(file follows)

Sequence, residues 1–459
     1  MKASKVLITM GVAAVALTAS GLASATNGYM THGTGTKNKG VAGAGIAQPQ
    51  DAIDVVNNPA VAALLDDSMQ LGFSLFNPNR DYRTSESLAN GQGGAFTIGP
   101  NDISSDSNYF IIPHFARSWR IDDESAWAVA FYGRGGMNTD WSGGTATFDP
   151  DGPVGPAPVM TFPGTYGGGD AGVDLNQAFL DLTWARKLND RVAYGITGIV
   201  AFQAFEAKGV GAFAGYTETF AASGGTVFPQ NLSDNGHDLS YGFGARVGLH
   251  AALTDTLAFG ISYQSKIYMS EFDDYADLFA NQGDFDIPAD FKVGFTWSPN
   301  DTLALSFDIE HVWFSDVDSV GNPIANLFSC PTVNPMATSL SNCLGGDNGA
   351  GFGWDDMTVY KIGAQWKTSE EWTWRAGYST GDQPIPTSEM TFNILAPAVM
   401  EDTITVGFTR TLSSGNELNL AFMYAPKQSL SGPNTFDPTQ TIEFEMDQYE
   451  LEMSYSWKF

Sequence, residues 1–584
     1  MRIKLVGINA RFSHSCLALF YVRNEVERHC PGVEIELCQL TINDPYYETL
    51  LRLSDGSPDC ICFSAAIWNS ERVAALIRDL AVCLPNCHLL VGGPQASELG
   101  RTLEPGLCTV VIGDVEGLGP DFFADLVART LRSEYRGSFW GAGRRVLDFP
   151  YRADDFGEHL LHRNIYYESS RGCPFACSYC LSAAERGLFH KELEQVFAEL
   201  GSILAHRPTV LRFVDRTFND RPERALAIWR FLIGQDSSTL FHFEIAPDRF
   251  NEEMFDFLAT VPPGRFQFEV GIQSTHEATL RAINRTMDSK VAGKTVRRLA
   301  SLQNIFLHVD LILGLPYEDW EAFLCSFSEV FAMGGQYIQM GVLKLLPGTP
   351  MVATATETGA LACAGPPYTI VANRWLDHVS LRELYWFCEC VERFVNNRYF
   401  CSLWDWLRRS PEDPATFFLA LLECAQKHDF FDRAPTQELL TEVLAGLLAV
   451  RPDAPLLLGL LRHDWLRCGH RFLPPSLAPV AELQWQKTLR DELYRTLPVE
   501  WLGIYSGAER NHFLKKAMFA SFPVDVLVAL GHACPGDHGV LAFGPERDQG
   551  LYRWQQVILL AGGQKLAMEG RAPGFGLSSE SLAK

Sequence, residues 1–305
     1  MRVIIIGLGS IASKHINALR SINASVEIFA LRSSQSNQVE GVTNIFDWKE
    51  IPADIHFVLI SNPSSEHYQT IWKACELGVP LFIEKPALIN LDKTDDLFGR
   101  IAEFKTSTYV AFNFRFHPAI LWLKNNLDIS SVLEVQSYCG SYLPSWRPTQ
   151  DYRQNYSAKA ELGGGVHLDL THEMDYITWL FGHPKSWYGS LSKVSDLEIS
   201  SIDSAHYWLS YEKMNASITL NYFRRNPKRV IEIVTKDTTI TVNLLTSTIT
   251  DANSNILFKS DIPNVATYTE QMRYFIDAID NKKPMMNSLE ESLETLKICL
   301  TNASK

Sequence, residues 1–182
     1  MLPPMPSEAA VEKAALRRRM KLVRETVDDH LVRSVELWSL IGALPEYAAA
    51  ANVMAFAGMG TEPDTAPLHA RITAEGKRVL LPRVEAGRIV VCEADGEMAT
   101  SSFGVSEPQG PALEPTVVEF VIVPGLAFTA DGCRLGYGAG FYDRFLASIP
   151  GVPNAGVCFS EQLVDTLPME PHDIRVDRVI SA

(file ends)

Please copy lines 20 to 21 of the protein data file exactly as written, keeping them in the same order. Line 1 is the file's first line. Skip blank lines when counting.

   351  MVATATETGA LACAGPPYTI VANRWLDHVS LRELYWFCEC VERFVNNRYF
   401  CSLWDWLRRS PEDPATFFLA LLECAQKHDF FDRAPTQELL TEVLAGLLAV